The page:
DIARY: Spink Stairmaster

Forget about the fancy steppers, Stairmasters, or choosing your office staircase over the lift at work. If you like stepping up to the task, the Spink is your place! The Spink is an innocuous little hill forming part of the majestic cliff faces that surround the lakes at Glendalough in Laragh, County Wicklow, standing 504m high. From its viewing points, you can see Camaderry to the North, while Derrybawn and Mullacor are mostly hidden by forest to the South.

I've never run up the Spink in Glendalough before and while it isn't exactly the most enjoyable uphill trod, the views are spectacular and the descent back down to the lakes offers a real technical treat for the swift of feet. (when the weather is good you do spend as much time dodging hikers as you do trying not to get your foot stuck in some of the bear-trap formed stone-formations).

Rumour has it that ex-IMRA president Cormac O'Ceallaigh uses this descent for his tempo-run which beggars the question how he has stayed relatively injury-free for so long. The man certainly does not have ankle issues! (incidentally, ankle issues, while the scourge of the running world, probably compares favourably with the distress issues that harrow the general population!).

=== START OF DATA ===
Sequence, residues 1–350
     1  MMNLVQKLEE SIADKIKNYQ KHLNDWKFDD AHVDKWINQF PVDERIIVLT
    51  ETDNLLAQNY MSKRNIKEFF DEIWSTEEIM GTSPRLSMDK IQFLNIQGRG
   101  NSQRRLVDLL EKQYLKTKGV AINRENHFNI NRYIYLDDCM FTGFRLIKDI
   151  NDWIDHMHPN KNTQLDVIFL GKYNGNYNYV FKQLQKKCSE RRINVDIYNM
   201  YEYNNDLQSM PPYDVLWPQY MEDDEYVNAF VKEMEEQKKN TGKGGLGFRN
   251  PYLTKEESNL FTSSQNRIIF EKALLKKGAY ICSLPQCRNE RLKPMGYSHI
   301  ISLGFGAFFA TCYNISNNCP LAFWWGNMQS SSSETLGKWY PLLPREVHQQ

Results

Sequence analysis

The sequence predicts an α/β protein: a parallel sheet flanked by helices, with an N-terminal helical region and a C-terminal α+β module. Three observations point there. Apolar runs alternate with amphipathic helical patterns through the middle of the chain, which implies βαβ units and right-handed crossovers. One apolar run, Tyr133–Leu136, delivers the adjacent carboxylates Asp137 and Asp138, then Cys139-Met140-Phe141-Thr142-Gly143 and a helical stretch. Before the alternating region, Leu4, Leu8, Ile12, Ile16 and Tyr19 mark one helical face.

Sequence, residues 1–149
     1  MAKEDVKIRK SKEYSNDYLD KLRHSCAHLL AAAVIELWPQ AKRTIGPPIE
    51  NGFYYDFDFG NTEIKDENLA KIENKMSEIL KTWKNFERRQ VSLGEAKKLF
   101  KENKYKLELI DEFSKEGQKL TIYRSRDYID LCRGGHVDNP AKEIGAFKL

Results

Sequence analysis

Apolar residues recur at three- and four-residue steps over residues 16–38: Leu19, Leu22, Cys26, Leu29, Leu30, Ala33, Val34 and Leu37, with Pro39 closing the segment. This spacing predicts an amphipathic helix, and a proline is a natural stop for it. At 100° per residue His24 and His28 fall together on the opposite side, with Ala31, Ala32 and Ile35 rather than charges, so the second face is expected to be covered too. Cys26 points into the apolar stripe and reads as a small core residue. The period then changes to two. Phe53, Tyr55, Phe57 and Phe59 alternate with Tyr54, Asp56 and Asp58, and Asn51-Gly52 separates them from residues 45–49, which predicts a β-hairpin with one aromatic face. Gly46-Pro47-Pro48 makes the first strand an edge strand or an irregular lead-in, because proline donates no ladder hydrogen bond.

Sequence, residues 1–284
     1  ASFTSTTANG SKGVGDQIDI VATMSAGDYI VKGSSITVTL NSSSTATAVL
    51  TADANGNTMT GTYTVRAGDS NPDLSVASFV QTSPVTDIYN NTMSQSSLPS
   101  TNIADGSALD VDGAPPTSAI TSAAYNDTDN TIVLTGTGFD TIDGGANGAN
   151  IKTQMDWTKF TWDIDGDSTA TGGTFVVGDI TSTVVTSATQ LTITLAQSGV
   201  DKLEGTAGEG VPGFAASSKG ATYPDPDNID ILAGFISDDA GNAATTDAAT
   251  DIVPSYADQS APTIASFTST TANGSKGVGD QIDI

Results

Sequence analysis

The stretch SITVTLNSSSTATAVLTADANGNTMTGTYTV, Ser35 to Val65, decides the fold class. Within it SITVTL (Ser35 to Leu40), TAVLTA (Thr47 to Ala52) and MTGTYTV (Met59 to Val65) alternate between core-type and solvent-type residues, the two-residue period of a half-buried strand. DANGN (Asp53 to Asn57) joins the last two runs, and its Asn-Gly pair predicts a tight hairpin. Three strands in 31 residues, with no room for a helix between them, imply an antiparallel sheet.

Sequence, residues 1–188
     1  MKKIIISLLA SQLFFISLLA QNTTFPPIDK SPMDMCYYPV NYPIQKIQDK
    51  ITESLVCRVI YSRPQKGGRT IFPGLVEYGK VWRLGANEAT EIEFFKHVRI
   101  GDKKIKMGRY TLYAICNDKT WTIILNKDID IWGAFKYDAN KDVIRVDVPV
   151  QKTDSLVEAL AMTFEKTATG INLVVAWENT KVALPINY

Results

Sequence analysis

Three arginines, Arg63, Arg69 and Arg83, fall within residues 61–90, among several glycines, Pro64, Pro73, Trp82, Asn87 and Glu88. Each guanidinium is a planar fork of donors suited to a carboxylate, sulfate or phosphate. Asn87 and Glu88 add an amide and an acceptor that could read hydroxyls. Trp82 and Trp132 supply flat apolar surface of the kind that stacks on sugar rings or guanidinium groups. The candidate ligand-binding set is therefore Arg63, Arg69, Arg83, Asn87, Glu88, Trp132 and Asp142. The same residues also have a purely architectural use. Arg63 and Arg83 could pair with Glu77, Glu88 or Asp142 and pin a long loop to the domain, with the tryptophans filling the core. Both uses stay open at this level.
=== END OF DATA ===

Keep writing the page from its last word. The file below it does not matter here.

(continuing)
The Route
To run the Spink a good place to start is the Glendalough carpark from where you follow the Wicklow Way (the part that constitutes Leg 5 of the Wicklow Way Relay, for those "in the know") for the first few kilometres before you depart the ancient tradeway up through the forest following an endless staircase of boardwalks.

The run starts relatively flat for the first 2km with only a short (but steep) 50m climb eating away at your pace. From the 2nd to the 5th kilometre, however, you climb a full 350m (or thereabouts, the total climb of this run is a tough 575m). The ascent grade is a good bit higher than most Leinster League races at 10.5% (37.5% maximum!) and that most of it takes place on what is literally a staircase, only adds to the rigour of conquering the Spink.

Given this, the route is certainly a perfect training run, especially if you are looking to build raw strength. Once over the top, the descent quickly turns rough with a very stony and uneven path leading down at a sharp angle. Running this little baby backwards would arguably be even harder: While the average grade is only 8.8%, it tops out at 44.8% in places. A word comes to mind. "Auch", yes that's it....

If you were a true sadist (you know who you are) and brought some friends along, you would take a detour up Camaderry shortly after you hit the last long flat stretch back to the car park (the last 4.5km are almost all flat). Incidentally, Aoife suggested this today, but I politely declined, as I've already seen the mountain, and last I went a herd of angry goats ogled me with distrust (actually I was just knackered, but the story about the goats is true!).

For those who like a bit of history, the run offers some interesting sights too as you pass the few remains of a miner's village that used to occupy the final stretch of this run.

All in all, a pretty decent hill run out. I would give it a solid 7 rating out of 10.

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